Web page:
Health, Safety & Resilience: Foundations for Health Equity (Washington State Adverse Childhood Experiences data, Winter 2015)
This report presents breaking news from the people of Washington State, viewed through the lens of a bundle of science we are calling "NEAR": Neuroscience, Epigenetics, Adverse Childhood Experiences (ACEs), and Resilience.
The source of data used to generate maps, data tables and charts in this report is the Washington State Behavioral Risk Factor Surveillance System, or "BRFSS." The Learning Institute at Healthy Gen has been working consistently to improve the data and in this report presents a look at the current ACEs burden in Washington by age and geography, information on the intergenerational transmission of ACEs, and the potentially mitigating effects of social support, help and community reciprocity factors.
Community Context for Academic Achievement; A Report on Community Factors that Predict Resilience & Prevention in Nine Randomly Selected Communities in Washington
No School Alone: How community risks and assets contribute to school and youth success (March, 2015)
Christopher Blodgett, Ph.D. Washington State University
Report prepared for the Washington State Office of Financial Management in response to the Legislature’s directions in Substitute House Bill 2739
In this report, we test if the levels of the challenges resulting from Adverse Childhood Experiences (ACEs) in a community’s adult population contribute to current conditions of disruption in children that make ACEs a multigenerational problem. While the effects of poverty on school performance guide long-term and significant investment policies, ACEs is a comparatively new idea and until very recently has not been tested as a policy planning tool. Several hundred peer-reviewed research studies consistently support the role of ACEs as arguably the most powerful single predictor of health and well-being in adulthood. However, equivalent results in childhood emerged only in the past few years. Exposure to ACEs begins very early in life, resulting in risks to the developing brain. This additional exposure to stress leads to the emergence of physical and social mechanisms of No School Alone 4 coping that can interfere with development during childhood and compromise life success and health in adulthood.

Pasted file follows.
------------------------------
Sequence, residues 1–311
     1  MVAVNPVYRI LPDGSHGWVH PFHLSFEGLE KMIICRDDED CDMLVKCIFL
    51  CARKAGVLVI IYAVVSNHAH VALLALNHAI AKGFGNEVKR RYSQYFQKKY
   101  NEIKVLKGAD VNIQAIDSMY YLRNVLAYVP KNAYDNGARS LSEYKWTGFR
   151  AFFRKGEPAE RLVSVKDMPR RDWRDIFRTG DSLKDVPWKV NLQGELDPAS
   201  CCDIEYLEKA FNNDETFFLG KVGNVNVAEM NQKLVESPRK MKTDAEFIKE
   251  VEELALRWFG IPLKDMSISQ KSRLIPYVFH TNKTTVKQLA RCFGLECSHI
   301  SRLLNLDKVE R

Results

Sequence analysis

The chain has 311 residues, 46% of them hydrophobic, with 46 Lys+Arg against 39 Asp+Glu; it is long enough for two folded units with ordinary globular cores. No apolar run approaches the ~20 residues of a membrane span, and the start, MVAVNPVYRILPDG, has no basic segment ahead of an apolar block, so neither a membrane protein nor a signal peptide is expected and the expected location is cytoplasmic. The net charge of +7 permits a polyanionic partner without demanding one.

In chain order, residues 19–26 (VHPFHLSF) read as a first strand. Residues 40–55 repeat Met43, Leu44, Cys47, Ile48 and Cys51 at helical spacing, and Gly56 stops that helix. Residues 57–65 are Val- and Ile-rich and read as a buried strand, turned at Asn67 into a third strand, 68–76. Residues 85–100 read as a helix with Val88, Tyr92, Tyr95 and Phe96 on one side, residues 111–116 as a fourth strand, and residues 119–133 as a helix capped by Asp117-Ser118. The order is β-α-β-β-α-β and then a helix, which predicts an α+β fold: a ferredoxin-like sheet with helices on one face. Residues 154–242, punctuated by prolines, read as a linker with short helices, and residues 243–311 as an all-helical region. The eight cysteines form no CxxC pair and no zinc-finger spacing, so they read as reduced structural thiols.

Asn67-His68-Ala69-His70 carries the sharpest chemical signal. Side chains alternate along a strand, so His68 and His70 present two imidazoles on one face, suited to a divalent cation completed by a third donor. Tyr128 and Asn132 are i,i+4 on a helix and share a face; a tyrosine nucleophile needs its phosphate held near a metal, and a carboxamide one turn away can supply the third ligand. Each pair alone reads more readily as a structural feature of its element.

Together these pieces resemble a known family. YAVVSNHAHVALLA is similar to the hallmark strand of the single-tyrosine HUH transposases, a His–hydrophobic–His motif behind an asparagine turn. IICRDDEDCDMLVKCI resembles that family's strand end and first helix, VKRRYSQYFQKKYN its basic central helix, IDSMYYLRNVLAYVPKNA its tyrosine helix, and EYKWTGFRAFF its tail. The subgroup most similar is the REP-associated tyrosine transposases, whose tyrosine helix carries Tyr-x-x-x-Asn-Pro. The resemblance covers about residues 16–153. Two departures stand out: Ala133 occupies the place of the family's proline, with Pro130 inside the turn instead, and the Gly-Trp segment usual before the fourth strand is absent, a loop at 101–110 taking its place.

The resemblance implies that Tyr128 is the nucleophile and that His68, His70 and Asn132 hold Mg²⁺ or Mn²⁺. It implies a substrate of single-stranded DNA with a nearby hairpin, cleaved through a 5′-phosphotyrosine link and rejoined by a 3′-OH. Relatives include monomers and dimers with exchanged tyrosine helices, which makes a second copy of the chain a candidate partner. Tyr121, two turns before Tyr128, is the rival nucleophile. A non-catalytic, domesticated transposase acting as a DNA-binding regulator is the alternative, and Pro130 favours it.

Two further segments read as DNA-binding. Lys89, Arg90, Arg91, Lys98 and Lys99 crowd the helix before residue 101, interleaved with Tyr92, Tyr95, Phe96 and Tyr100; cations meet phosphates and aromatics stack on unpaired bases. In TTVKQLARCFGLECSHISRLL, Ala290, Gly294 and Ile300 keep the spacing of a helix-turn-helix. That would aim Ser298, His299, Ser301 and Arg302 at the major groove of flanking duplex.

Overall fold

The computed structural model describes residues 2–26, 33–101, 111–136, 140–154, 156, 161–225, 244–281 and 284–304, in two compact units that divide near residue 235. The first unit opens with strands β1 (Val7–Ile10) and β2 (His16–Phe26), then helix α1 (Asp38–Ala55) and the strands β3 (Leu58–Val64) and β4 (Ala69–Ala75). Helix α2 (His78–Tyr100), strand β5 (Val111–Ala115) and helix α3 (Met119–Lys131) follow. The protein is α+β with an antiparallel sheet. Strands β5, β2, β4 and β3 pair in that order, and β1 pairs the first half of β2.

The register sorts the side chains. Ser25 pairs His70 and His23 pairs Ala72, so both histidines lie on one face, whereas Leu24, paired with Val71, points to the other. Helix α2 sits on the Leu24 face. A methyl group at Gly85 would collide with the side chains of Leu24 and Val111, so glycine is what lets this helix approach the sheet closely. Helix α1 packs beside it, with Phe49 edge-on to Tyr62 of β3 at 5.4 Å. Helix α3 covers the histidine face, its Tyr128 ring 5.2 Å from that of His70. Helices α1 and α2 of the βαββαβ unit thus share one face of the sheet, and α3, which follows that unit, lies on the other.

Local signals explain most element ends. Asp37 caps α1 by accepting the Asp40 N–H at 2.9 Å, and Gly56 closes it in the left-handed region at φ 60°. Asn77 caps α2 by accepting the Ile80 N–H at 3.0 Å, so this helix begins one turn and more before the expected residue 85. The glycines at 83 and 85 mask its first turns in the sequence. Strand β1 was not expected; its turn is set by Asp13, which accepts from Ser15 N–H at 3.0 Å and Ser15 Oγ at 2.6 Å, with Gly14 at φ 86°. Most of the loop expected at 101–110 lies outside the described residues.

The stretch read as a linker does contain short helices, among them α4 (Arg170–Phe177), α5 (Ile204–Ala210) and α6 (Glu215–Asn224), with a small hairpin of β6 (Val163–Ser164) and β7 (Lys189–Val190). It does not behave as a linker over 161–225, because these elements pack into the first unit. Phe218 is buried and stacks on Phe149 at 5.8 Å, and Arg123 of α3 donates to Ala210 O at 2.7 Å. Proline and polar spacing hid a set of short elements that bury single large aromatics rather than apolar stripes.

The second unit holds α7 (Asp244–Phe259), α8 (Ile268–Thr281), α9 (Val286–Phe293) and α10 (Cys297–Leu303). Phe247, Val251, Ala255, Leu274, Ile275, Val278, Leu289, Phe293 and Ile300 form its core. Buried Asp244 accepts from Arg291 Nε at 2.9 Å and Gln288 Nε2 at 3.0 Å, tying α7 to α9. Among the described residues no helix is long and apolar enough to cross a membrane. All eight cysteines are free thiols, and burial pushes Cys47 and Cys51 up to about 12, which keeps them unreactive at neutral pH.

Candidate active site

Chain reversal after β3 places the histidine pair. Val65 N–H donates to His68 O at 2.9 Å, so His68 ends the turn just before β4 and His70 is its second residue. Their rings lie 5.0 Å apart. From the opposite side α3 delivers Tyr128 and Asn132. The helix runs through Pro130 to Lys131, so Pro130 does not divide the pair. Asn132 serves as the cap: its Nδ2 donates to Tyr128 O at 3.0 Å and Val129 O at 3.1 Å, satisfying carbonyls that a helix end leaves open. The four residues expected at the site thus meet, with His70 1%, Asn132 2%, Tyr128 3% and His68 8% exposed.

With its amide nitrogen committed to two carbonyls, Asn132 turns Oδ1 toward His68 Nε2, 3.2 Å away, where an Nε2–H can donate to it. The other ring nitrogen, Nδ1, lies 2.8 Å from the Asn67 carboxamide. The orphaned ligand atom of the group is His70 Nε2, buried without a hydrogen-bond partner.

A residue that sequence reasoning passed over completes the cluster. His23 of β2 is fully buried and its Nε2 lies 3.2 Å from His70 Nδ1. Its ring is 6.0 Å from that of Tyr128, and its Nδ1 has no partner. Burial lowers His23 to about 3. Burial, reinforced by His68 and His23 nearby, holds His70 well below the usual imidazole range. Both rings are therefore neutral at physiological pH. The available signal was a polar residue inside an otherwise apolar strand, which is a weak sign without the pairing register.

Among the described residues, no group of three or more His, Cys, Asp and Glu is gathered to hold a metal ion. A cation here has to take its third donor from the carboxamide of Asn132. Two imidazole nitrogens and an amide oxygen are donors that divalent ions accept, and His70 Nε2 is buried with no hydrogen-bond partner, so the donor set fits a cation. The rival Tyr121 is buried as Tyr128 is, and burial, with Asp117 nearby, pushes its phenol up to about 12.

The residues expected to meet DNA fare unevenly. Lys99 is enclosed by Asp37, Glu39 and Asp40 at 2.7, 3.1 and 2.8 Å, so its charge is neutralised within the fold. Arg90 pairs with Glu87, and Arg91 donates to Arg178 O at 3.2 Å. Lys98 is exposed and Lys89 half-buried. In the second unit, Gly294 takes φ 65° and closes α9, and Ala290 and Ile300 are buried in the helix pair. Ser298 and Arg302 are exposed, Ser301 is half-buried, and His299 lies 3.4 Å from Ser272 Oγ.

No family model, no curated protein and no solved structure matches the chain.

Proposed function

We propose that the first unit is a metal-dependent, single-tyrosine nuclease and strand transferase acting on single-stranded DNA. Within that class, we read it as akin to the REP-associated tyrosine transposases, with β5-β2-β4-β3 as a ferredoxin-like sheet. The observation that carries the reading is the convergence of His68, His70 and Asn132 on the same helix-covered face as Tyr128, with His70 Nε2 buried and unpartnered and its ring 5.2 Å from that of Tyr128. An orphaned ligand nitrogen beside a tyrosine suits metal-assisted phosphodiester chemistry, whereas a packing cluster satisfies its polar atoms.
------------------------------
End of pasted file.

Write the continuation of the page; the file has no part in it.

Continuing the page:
With operating budget negotiations stalled, the legislature adjourned Sine Die on Friday. This was two days earlier than Sunday April 26th the scheduled 105th day of the regular legislative session. Governor Inslee will call the legislature back into special session on Wednesday, April 29th. Budget negotiators have been invited to meet with Governor Inslee on Monday, April 27th in advance of the start of special session.
Thanks for joining us this 2015 Legislative Session!
- Your Healthy Policy News Team (Erin, Julie, Whitney and Friends)
Last week the House passed a 16 year transportation revenue package. The grid below shows the House proposed levels for Safe Routes to School and Bike/Pedestrian funding. Advocates are thanking both House and Senate Transportation leaders, asking for support of these initial funding levels as well as an increase for Safe Routes to School projects. A shout out to our partners American Heart Association, Childhood Obesity Prevention Coalition and Washington Bikes for their advocacy work this session on Safe Routes to School and Bike/Pedestrian funding.
For more on the transportation funding package, and updates on e-cigs & vaping. Click to view the entire Health Policy News You Can Use, for the week of April 20th.
- Dr. Jessica K. Pepper, Center for Regulatory Research on Tobacco Communication, University of North Carolina
- Deb Drandoff, Assistant Director, Prevention & Youth Services, Washington State ESD 112
- Paul Davis, Tobacco Prevention & Control and Marijuana Education, WA State Department of Health